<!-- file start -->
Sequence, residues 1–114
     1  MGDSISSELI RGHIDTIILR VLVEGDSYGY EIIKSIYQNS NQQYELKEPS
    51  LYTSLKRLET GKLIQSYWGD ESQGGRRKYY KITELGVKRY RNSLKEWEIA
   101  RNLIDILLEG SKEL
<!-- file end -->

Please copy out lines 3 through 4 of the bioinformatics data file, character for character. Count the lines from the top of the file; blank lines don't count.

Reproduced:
    51  LYTSLKRLET GKLIQSYWGD ESQGGRRKYY KITELGVKRY RNSLKEWEIA
   101  RNLIDILLEG SKEL